,I was scanning a list of recommended children's books the other day when the title Freddy Goes to Florida caught my eye (how could it not catch my attention?!). The cover shows farms animals staring at alligators. So of course, I had to read it.
First published in the late 1920s and originally titled To and Again, Freddy Goes to Florida was the first of 26 children's books Walter R. Brooks wrote about the animals living on Mr. Bean's farm in upstate New York. Brooks was himself a New Yorker, and had worked in advertising before embarking on a career in writing and publishing. Aside from his Freddy the Pig books, Brooks is best remembered for writing a short story that inspired the Mr. Ed TV series.
Basically, the plot of Freddy Goes to Florida is this: the animals on Mr. Bean's farm do not want to spend another winter in cold, drafty barns. So they decide to go to Florida for the winter. Along the way, they meet people and animals and have adventures. In the Springtime, they return to their farm reinvigorated.
But how does Brooks portray Florida? The journey is as important a part of the story as is the animals' stay in Florida. They don't arrive at their destination until halfway through the book, in Chapter 11:
They sniffed the air delightedly.
"Mmmmmmm!" said Mrs. Wiggins. "Isn't that good? It's better than clover. I wonder what it is."
"I know," said Jack. "I've smelt it at weddings. See all those little green trees down ther? They're orange-trees, and that smell is orange-blossoms."
"Look! Look!" squealed Freddy. "There's a palm-tree!"
"It's Florida!" shouted Jinx.
And all the animals shouted together: "Florida!"
The animals dance and celebrate reaching Florida. Freddy makes up a poem:
In Florida, in Florida,
Where the orange-blossom blows,
Where the alligator sings so sweet.
And the sweet-potato grows;
Oh, that is the place where I would be,
And that is where I am ---
In Florida, in Florida,
As happy as a clam.
And then they head off to the beach, where they stay for a month:
"Every day at four o'clock they went in for a dip in the surf, and then they would lie round on the sand and talk until supper-time. It was a very lazy and pleasant life that they lived in Florida."
Eventually, they decide they should see more of the state, so they head off to Palm Beach, Miami, and the Everglades. In the Big Cypress Swamp, they encounter a hungry group of alligators. Mrs. Wiggins (who is a cow) tries to scare them off:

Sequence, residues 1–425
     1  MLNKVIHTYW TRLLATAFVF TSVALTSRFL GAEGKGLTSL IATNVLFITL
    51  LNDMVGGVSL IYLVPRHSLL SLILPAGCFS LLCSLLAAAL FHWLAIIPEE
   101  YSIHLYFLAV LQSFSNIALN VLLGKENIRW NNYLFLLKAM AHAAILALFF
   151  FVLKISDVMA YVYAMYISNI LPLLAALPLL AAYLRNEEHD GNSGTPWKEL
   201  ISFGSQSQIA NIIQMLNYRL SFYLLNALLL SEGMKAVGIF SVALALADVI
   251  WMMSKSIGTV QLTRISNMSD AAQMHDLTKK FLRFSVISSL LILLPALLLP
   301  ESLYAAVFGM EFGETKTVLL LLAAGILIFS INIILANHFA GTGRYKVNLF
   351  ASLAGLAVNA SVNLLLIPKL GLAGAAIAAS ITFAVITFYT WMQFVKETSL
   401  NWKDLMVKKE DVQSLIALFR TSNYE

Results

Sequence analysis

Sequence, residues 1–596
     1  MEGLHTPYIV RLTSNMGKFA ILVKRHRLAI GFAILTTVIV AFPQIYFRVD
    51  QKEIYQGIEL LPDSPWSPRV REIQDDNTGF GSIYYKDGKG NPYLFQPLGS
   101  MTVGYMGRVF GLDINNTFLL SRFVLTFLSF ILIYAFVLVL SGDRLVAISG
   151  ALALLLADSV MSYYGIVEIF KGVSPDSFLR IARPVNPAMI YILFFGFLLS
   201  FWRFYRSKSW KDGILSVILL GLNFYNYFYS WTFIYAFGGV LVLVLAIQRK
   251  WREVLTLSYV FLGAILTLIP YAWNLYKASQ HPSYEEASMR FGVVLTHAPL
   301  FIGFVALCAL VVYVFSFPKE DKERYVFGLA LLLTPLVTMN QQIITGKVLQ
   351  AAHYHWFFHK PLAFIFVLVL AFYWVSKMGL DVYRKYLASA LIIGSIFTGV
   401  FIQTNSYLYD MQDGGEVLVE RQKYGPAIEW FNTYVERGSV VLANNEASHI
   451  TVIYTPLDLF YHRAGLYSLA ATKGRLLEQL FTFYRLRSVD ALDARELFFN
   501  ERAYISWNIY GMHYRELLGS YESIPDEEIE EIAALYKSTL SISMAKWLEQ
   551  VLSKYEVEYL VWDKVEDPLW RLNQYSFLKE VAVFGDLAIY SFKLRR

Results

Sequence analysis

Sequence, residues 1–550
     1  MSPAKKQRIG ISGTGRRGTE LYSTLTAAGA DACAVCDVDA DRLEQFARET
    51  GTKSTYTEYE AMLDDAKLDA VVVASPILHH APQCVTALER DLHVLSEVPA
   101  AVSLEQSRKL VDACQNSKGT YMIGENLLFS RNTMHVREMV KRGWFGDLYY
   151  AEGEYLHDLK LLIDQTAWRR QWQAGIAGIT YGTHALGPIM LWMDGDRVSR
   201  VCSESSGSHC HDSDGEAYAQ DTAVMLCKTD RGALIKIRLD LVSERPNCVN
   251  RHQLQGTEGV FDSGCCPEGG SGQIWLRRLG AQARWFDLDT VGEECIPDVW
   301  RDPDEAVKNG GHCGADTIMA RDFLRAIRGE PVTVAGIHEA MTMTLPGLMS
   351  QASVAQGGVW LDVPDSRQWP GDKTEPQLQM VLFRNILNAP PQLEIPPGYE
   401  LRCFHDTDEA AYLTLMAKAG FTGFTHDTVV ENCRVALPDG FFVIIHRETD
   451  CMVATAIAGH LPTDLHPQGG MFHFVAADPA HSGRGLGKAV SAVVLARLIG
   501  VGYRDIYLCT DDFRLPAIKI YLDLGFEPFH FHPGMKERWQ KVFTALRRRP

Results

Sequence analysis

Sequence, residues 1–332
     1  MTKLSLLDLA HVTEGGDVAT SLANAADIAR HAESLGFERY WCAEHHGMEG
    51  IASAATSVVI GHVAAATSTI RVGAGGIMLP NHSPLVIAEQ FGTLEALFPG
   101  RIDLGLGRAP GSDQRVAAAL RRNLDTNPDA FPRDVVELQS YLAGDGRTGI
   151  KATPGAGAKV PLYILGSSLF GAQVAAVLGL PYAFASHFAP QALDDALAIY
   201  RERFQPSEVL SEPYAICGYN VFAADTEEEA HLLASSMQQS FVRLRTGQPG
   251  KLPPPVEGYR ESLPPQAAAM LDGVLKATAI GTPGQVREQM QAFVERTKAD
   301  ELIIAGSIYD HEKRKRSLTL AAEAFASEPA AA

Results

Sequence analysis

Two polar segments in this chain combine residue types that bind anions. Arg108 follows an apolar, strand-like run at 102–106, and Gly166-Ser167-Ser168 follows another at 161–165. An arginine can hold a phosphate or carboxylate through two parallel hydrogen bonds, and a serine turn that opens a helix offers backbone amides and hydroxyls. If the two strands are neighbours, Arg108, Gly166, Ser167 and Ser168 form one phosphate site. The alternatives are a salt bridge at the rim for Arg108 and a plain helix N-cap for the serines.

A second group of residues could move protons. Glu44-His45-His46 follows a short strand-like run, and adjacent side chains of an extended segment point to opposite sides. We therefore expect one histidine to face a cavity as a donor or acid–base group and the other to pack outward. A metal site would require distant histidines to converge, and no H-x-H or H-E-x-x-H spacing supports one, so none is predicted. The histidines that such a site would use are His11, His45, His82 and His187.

"Keep away, now!" she said. "We won't stand any nonsense!"
But the alligators only laughed, and one of them said: "Oho! You won't eh? Well what did you come into our country for, then?"
They alligators take the animals to Grandfather Alligator, who remembers the when the Spanish explorers visited Florida. He wants to eat them as well, despite being scolded by Jinx the Cat:
"What do you suppose all the animals up north are going to think of you when they hear about it? Eating up visitors who come to make you a friendly call! A nice opinion they'll get of Florida!"
Eventually, the farm animals escape the alligators, and continue their vacation until spring arrives and it is time to go home to Mr. Bean.
The image of Florida correlates with the popular tourist images of the 1920s, when the book was written. Florida as a wild, somewhat foreign place to rest and play before returning to your actual life.
(This book is most appropriate for third or fourth grade, and would appeal to children who like stories with talking animals. Even though the story was written 80 years ago, there are no obscure references to old machines or technologies that kids today would not understand. The edition I read was published by Overbrook Books in 1998, and is 197 pages with black and white line drawings by Kurt Wiese).